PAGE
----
Six Months

Six months.  My wonderful, brilliant, talented husband has been dead for six months.

The death certificate deemed it an “intra-oral gunshot wound”.   Simply put, he killed himself.

Someone just commented on a blog that he would never suicide because of the pain it would cause those he loves, that if it ever got that bad, he would talk it out with people.  I always thought the same; that I could never do such a thing to my family.  But clearly, I’ve never been as desperate as John was.

I wish it could have been easier for John.  There was just too much… and he was ashamed of the burden he believed he was placing on me. His health was shot, he was in near constant pain and was almost certainly dying from emphysema and probable lung cancer, and he had emotional demons that were haunting him.  He was drinking to excess. He had what he saw as a no-win scenario with only one way out.   This was no Kobayashi Maru where Jim Kirk could cheat death by changing the rules. My husband decided to cheat death by ensuring he went on his own terms.

John had worked for two decades as a subcontractor installing survival systems on 105 different Navy ships all over the world. He often wondered what would happen if a fire broke out on one of those ships; as he described it, a fire was the worst possible nightmare that could happen in those tight quarters.

Would he have the guts to give up one of the few survival suits available to one of the much younger crewmen?  He hoped he would, but the thought plagued him. I am convinced that John saw his failing health, his excessive drinking, and his inner torment as a similar nightmare situation that was only getting worse by the day and which he could see was also tearing me apart.  I am also convinced that he chose to sacrifice his life in order to save me from what he believed would destroy not only himself but me as well in the end.

He was – and always will be – a hero in my book. Not because he suicided – he did not ask my permission and even if he had, I would not have given it – and certainly not because of some pretty self-destructive behaviors, but because he tried to do the right thing, even when his demons pushed him in the wrong direction.

Footnote: Johnny always said he helped build killing machines and I helped save lives.  I know he lived longer than he would have if he hadn’t loved me so much, but I desperately wish I could have done more for him.

I will continue my work, trying to make a difference in my small corner of the world.  He was proud of me before, and I hope he continues to be.


For more information about The Warrior Project – soon to be a drop-in and counseling center for those affected by suicide and/or suicidal thoughts, please click on the picture or link, or go to

The Warrior Project will eventually become a warm, welcoming drop-in center for those living with extreme emotional and/or physical pain coupled with hopelessness, and a resource for families and friends fearing for the life of, or grieving the loss of, the person they love so much.

We are accepting blogs and articles written on topics relevant to suicide, hopelessness, grief, and similar topics.  Please contact Linda at or


In memory of my beloved husband John Kelly Snyder… 20 Sept 1956 – 21 Oct 2016.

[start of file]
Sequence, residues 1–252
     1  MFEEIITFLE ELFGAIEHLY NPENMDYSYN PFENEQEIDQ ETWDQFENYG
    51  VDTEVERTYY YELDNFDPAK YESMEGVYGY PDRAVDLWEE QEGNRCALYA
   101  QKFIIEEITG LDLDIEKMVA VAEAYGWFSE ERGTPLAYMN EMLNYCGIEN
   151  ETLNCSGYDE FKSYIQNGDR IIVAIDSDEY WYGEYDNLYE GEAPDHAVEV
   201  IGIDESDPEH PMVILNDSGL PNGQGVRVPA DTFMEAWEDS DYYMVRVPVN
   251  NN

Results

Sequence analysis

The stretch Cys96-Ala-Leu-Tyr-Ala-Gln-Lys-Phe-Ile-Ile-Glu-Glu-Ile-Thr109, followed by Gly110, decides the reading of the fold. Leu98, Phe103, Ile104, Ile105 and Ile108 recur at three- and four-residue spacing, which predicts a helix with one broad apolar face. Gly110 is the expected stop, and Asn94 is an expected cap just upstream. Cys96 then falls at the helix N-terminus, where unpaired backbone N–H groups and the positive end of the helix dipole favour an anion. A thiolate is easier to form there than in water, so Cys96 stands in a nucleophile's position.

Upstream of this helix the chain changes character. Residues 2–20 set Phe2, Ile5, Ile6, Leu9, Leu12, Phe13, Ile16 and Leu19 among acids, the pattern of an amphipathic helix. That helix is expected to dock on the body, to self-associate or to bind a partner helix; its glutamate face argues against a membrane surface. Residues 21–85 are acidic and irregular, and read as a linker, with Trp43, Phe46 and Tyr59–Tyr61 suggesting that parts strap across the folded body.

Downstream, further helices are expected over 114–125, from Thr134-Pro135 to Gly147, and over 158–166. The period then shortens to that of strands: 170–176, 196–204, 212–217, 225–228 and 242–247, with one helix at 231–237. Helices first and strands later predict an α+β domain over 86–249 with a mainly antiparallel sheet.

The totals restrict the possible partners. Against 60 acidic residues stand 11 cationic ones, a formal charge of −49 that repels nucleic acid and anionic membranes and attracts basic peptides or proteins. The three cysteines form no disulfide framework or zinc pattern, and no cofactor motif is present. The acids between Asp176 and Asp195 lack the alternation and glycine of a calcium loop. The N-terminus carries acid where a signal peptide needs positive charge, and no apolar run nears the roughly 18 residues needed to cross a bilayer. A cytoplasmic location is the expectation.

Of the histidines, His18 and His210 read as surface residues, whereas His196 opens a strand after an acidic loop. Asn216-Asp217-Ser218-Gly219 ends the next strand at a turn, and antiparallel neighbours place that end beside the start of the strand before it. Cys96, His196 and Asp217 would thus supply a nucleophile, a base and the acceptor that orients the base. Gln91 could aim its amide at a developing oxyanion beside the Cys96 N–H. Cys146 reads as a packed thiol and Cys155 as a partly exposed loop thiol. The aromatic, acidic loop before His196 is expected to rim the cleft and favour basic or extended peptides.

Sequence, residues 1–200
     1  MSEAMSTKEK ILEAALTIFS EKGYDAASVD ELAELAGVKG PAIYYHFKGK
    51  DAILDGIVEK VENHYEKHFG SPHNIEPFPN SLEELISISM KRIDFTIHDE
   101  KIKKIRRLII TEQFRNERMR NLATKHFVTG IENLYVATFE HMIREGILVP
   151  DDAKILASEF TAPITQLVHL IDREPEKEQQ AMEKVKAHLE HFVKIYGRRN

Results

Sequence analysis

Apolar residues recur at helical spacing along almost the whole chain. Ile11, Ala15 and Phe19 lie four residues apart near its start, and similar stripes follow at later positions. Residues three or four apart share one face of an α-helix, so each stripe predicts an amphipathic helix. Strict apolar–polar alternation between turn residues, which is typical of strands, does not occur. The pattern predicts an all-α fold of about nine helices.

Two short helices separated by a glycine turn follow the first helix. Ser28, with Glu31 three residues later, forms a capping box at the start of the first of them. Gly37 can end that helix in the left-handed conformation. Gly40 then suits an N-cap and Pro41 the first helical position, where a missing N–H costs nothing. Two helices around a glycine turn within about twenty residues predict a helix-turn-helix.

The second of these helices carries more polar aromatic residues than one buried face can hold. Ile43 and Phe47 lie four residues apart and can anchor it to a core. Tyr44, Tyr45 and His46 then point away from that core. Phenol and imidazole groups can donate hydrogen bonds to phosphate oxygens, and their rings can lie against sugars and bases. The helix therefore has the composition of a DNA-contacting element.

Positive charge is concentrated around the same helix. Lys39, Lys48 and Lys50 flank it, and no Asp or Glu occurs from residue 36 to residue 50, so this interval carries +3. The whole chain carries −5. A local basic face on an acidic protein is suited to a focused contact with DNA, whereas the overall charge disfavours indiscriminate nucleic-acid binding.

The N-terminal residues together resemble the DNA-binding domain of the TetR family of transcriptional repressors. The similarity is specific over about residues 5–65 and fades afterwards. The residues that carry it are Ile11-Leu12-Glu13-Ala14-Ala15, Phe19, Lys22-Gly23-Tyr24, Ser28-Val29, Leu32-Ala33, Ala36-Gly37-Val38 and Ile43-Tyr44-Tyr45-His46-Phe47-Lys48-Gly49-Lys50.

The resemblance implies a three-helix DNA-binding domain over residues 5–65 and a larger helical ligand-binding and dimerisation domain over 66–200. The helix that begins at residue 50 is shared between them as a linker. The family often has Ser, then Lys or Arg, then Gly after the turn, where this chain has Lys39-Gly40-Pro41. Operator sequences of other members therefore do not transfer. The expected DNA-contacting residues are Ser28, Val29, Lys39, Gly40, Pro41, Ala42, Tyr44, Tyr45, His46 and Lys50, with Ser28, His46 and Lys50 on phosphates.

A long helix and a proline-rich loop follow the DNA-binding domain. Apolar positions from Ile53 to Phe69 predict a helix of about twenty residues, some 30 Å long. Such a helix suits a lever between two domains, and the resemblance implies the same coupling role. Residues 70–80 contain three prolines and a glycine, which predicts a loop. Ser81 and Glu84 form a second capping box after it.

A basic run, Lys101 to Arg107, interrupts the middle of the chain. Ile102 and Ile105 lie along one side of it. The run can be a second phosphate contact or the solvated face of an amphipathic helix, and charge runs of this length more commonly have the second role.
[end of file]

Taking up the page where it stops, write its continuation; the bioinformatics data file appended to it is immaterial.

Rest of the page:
My Johnny was a true warrior, fighting demons no one else could see.  I thought he was the strongest man in the world, and perhaps he was, but tragically, the demons got the better of him.

The name of this project is in no way intended to be reflective of, or piggy back off, Wounded Warriors which serves those military personnel wounded after September 11, 20o1.  Like too many others, John was a warrior long before then.

Fair winds and following seas, Husband.


We now have a group on Facebook to help find resources, support and ideas for getting The Warrior Project off the ground.  You can find us there at

Follow us on Twitter!  @WarriorProjME.


The Warrior Project is NOT an emergency program or service.

In the event of a crisis, please call 911

In the United States, other numbers to call include:
Maine Crisis Hotline:
National Suicide Prevention Hotline:
Veterans Suicide Hotline:
Domestic Violence Hotline:


John and I owned both a small antiques shop and a used bookstore in Lewiston, Maine. After John died, I didn’t know what I wanted to do with the two shops – they take up a huge amount of time, and weren’t yet covering their own costs.  After John died in October of 2016, the shops were barely open during the critical holiday sales season; I couldn’t stand being in them because we had such dreams for the future.

But Johnny loved his little bookstore (Heritage Books, Maps & Ephemera) and the goal was that he would one day “retire” into running the two shops.  So I’ve committed to keeping them open, although Heritage Collectibles is now Heritage Collectibles, Books & Maps as I’ve combined those two businesses, and I’m opening Papa’s Thrift Shop for the inventory that doesn’t really work in the main store.  (Papa is what John’s grandchildren called him.)

All of the profits from those two businesses (after expenses, of course!) will go to support The Warrior Project.  If you are so inclined, please consider checking out our shops, knowing that your purchase will help fund this critically needed suicide prevention drop in center.

This entry was posted in Death & Dying, Grief, Loneliness, Suicide and tagged , , , , , . Bookmark the permalink.

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